The hike is about an hour long through a grassy and beautiful terrain. In addition to beautiful scenery, you’ll be fed to a view of colourful flowers growing in the wild, nesting seabirds and marine life.

4. Loch an Eilein, Cairngorm National Park


Best for – novice walkers

If you have a family that is into hiking, the Loch an Eilein is a perfect destination that is located in the heart of Rothiemurchus forest. Being in a forest, it’s surrounded by Caledonian pine and has a lovely view of the island castle, which was built back in the 13th century.

In 2010, this destination won the prize for the best picnic spot.
The low-level trail around the lake is perfect for families. However, you need to be on the lookout for wildlife, including Scottish crossbills, and red squirrels.

5. The Old Mill and Achmelvich Beach


If you are in the mood for a day at the beach, the Old Mill and Achmelvich BeachNorthern Scotland is perfect for you. The Old Grain Mill is the starting point of the hike. From here, you can head to the Achmelvich beach, which is famous for its bright white sand. There’s also a secret beach on the shore as well as the smallest castle in the region – Hermit’s castle. The hike ends at the Lochinver village.

Note that dogs aren’t allowed on the hike during high season.
Besides being a beautiful beach, Achmelvich is also known for having diverse wildlife, including seals, basking sharks, ospreys, otters, and cetaceans.

6. The Scottish National Trail

Great Glen Way

Best for – Long Distance Strollers

Do you fancy long distance hikes? Does an 864 km hike excite you in any way? If it does, then the Scottish National Trail is the perfect spot for you. You’ll go from Kirk Yetholm to Cape Wrath. The trail is distinct and set aside for hikers who love challenges.

Unlike most hikes in Scotland, this has beaten footpaths to follow and is fed by other well-known walkways, including the river Tweed, St. Cuthbert’s Way, the Cape Wrath Trail and the Great Glen Way.

As you’d expect from such a long route, the Scottish National Trail has many different terrains that are perfect for people with varied abilities. However, the hike gets increasingly difficult as you move northwards.

7. Lovers’ Stone, St Kilda

Best for –Novice Walkers

If you recently got married, or are looking for a romantic thing to do with your better half, why not go for hike? Steer away from the norm and discover the beauty of the Lovers’ Stone. This destination reels in many hikers and tourists because of its remoteness.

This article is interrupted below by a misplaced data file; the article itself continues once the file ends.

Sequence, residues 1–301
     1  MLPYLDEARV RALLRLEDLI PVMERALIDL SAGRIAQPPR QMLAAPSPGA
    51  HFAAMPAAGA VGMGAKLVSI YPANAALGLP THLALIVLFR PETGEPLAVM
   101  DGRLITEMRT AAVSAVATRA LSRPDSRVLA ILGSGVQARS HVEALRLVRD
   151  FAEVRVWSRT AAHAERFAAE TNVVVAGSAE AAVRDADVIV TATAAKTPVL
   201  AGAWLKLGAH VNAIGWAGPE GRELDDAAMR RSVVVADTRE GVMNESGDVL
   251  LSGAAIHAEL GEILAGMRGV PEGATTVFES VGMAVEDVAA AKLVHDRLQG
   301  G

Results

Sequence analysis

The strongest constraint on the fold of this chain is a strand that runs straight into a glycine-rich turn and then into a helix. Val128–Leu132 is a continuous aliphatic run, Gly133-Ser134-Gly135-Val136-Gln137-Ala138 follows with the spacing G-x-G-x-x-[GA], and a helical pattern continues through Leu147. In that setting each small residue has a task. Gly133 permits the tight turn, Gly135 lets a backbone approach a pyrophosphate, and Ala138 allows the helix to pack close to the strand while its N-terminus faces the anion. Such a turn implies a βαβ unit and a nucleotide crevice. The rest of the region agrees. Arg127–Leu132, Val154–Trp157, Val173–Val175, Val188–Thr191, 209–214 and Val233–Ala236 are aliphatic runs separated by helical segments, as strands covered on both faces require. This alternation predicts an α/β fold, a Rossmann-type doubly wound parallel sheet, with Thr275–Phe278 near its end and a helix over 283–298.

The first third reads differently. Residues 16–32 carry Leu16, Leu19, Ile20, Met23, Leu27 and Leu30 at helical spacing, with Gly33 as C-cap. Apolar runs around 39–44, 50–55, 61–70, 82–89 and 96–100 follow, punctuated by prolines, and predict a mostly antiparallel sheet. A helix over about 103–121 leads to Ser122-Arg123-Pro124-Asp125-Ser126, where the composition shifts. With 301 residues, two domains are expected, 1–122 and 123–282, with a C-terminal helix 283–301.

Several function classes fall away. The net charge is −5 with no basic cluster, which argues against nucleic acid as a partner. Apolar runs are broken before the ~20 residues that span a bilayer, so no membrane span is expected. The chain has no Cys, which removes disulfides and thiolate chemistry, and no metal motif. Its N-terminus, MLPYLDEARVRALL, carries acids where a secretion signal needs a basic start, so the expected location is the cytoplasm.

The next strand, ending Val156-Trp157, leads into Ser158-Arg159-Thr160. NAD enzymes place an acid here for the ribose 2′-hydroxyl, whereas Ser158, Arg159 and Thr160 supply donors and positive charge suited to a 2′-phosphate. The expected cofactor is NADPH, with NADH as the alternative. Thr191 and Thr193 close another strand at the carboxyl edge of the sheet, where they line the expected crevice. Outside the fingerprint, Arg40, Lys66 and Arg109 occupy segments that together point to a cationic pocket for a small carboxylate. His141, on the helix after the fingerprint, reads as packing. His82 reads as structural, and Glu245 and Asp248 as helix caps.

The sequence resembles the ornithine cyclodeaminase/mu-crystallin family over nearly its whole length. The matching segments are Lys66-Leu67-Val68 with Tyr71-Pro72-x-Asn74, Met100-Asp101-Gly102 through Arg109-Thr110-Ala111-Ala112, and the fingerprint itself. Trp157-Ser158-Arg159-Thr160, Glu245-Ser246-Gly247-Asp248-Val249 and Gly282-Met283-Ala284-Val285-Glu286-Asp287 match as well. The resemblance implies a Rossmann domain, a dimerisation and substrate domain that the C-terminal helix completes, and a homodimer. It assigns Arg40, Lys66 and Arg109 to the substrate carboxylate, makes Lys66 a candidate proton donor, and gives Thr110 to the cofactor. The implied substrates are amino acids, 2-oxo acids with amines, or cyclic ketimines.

The Lover’s Stone hovers 135 m over the Atlantic. History has it that Scottish men were required to scale the rocks and balance their weight on one leg to prove their sincere love. With such an account, what better place is there to declare or reaffirm your love for your loved one? C’mon, open your heart and soul at the edge of the world.

8. Beinn a’Chrulaiste, Glen Coe

Glen Coe

Best for – rookie ramblers

This destination is prominent in the region. However, given its bulky outline, it often goes unnoticed by hikers and tourists. A hike to the top of the highland will provide you with a breathtaking view.
It begins from the west side ridge and ends at the Kingshouse.

It’s important to mention that the terrain is slightly rough and rocky.

9. Isle of Eigg, Summer Isles

Isle of Eigg

Best for – novice walkers

This island is full of rocks which makes it beautiful. The trail is relatively straightforward. However, it includes a steep climb and a rocky scramble. As such, you should be extra cautious as you near the summit. The highest point on this island is 393 m high.

10. The West Highland Way

west highland wwest highland wayay

Best for – long distance strollers

This is one of the most famous walking routes in Scotland. The trail takes you northwards away from the hassle of Milngavie town to Fort William, located in the shadow of Ben Nevis.

The walks have ample signposts, which make it difficult to get lost. Moreover, the tracks and paths are well maintained.
It measures 154km, and it’s best to visit between April and October.